Diva Lata, Sony & Sourav

THAT `Mandiracket' having exhausted the Sony second serve by the `final' evening of March 23, `The Heaving Heavenlies' of Serena Williams were back in glistening black focus. Revel in the `Art of Reveal' does the tennisy camera.


Sourav Ganguly : still Sri-stuck vis-�-vis Sony?-Pic. AP Sourav Ganguly : still Sri-stuck vis-�-vis Sony?

THAT `Mandiracket' having exhausted the Sony second serve by the `final' evening of March 23, `The Heaving Heavenlies' of Serena Williams were back in glistening black focus. Revel in the `Art of Reveal' does the tennisy camera. Our `remote' return to tennis (on the rectangular court screen) came as a reminder of how South African Kevin Curran just could not produce those stunning aces in the Wimbledon final that mattered against Boris Becker. Much like our Ace Pace Trio failing to deliver in the final Wanderers count. To the media query (on TV) about why his millions of admirers could not view him come up with those `aces' in the Wimbledon decider, Kevin Curran's response: "I can't do it every time, you know, I'm not a magician!'' Further quizzed on if (like Sourav now) Kevin was content to unfold, on TV, as the Game's No. 2, pat came the Curran shot: "Not at all! This game is all about winning. The world has no time for losers!''

But India still has all the time in the world for its losing `men in blue'! Sony `fast forward' to five days after the chastening Wanderers experience of Souravaged India. On the Saturday afternoon of March 29, at Mumbai's Wankhede Stadium, Sony does not exactly endear itself to either Sourav or Sachin by persisting with `Krishnamacharioteer' Srikkanth! With Sri, in the Mock Max Panel, is one who now proceeds to affirm his Sony standing as a gate crashing bore — Aunshuman Gaekwad. The occasion — the India-Sri Lanka friendly face-off to raise funds for the Deenanath Mangeshkar Hospital.

The fact that `The Lady In White With The Velvety Voice' is to be seen right up there with Sachin and Sourav ensures a full Wankhede house — a spillover of our World Cup passion. How mellifluously, still, Diva Lata comes across in the words she chooses to ensure that speech is silvern! As you hear Lata thank Sourav, Sachin, et al, telestruck you are by the lady's abiding humility in the face of being the Living Legend. Still you feel saddened to see `Bharat Ratna' Lata sans Sourav and Sachin at the prize distribution ceremony. A tell-tale telly pointer that the Sony-Sourav stand-off continues.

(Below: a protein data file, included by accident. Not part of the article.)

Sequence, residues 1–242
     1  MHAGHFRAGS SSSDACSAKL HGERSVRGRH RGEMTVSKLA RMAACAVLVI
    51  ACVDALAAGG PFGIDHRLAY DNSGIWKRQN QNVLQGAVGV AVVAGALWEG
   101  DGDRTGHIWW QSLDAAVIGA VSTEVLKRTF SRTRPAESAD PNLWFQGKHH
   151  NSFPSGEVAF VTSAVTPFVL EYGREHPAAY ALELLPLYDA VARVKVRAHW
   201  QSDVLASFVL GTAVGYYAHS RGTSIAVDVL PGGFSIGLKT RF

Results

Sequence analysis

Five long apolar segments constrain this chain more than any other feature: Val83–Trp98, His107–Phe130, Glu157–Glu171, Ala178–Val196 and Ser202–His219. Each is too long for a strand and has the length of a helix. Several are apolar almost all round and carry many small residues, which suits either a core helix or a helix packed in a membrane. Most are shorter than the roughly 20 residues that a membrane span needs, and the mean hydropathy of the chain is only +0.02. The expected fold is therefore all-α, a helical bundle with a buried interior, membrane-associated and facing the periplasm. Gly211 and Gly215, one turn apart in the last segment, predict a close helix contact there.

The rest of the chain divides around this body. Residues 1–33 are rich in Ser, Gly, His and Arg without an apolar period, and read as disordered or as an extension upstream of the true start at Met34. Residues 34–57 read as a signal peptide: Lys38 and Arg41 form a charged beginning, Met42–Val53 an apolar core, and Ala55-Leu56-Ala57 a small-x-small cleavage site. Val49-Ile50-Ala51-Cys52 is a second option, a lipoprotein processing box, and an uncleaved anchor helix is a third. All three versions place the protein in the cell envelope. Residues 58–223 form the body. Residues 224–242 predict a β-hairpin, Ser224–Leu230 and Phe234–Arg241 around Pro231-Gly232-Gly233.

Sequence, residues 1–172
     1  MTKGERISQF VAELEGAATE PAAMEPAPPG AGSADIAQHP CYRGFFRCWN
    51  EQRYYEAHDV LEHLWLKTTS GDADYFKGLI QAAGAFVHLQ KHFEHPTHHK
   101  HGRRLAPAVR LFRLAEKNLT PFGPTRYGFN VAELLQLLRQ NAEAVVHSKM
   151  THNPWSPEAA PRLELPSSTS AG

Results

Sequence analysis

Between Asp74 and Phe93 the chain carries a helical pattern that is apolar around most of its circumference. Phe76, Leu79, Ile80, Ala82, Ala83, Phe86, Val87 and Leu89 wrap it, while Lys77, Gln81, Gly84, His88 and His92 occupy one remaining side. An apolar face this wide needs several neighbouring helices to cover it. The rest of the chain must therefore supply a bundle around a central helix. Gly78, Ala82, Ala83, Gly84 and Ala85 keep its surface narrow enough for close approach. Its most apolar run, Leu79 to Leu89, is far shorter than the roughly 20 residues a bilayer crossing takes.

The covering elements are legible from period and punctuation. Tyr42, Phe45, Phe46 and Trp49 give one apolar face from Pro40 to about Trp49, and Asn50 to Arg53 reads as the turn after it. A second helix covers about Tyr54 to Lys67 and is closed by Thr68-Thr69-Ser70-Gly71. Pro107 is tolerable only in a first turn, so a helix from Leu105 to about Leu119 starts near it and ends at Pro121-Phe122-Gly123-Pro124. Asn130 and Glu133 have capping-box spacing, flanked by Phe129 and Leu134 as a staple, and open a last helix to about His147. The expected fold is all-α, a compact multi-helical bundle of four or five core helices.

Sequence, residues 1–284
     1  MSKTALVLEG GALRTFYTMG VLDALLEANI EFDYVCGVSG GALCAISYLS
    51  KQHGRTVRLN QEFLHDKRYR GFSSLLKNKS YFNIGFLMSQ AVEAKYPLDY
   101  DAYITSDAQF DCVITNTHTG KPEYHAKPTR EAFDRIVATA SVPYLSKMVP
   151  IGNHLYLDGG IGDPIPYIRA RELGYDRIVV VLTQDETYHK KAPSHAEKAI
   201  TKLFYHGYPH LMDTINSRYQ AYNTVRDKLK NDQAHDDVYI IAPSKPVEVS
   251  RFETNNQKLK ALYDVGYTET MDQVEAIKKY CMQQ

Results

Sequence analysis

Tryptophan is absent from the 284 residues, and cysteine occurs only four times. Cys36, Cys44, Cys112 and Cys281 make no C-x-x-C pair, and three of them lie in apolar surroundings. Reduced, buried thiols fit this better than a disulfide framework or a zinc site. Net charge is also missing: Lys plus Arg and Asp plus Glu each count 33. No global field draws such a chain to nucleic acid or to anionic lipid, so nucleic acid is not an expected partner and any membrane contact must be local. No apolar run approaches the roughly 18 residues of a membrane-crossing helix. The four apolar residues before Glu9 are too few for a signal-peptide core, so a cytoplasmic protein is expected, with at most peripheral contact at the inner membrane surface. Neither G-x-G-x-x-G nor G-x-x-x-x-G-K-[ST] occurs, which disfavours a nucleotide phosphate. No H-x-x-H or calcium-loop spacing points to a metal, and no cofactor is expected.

Sourav and Sachin just move away from the Wankhede match, midway through, somehow Sony-excusing themselves to Lata about neither of them staying on as a `prize' attraction. Sourav and Sachin want to be neither part nor lot of the Sri-emceed Sony Panel. Nor are Sourav and Sachin visible at the Airtel Cup finish, lensed by Sony! As Lata (surrounded by other TVIPs) commences her gracious thanksgiving speech, near inevitably I recall encountering her, in demure person, at her 1967 Silver Jubilee celebration (at Bombay's Taj) — with no TV to capture the landmark event. "What are you planning to sing on such a momentous day in your life'' I ask Lata. "Raju Saab,'' retorts Lata (why always "Saab'', I never did find out). "Forget all about singing, what I'm looking for, today, is a `playback speaker'!''

Still Lata made a charming maiden speech, all by herself, in spotless white. Today, of course — as we Sony beheld on March 29 — Lata Mangeshkar is the consummate speaker. So nice to see Raj Singh, too, back centrestage as a true admirer of Lata's Naushad nuggets — among them the Kedarian `Bekas pe karam keejiye Sarkaar-e-Madina'. Here is where I feel terribly let down by the spot commentary of Sanjay. How `literally' serious could our World Cup coms get even in such a playful setting! Surely you, Sanjay (as a Raag Yaman connoisseur) know enough about Lata and her `Amar' artistry? An artistry compressing, into just over 3 minutes of a 78 rpm record, the joy of a lifetime — `Na miltaa gham to barbaadee ke afsaane kahaan jaate'. So somewhere, Sanjay, should you not (as a Team Samsung triller yourself) have displayed the inventiveness to dovetail an immortal song or two of Lata's into the fabric of your commentary? No wonder your entire commentary team flopped in the Wankhede featherbed, Sanjay — by articulating such a fun match in a vein suggesting the World Cup was still not over for Sourav and his India! How could viewers dig Aunshuman coming up with that pitch report? Or Siva going at it, white ball by white ball! The whole charade was enough to make the angels weep.

``She sings like an angel!'' is how a prominent London daily identified Lata Mangeshkar warbling `Yeh zindagee usee kii hai' (on Bina Rai playing `Anarkali' in 1953). On the Little Screen now, Lata (in `Haqeeqat') was a captive harkback to some of our most treasured song moments on the Big Screen (`Khelo na mere dil se'). What could a creative commentator not have accomplished, given this Godsend of an opportunity to pick up the cue from the lilting lips of Lata? "Nightingale on the highest branch!'' is how famed dancer Padma Subrahmanyam epitomised the repertoire of Lata.

As for SonyMax, this chancy channel yet again failed miserably in its choice of coms. Coms who could have, for instance, told viewers that Lata incessantly chewed Wrigleys gum while rehearsing and recording a song! Here was a priceless Lata tip to coms — that chewing gum keeps the voice `flexible as flexible could be'. What a terrific sense of humour Lata has! No one spot-there (on March 29) to tele-explore this impish area of the Lata persona. Sachin and Sourav would be back at the Wankhede Stadium, no doubt. Not so Lata Mangeshkar who, as the Queen of Concert, now performs only beyond Mumbai's suburbs — on the way to boarding a plane there. With Sony now does Lata's vintage voice empathise. A signal to Sourav and Sachin alike to mend fences?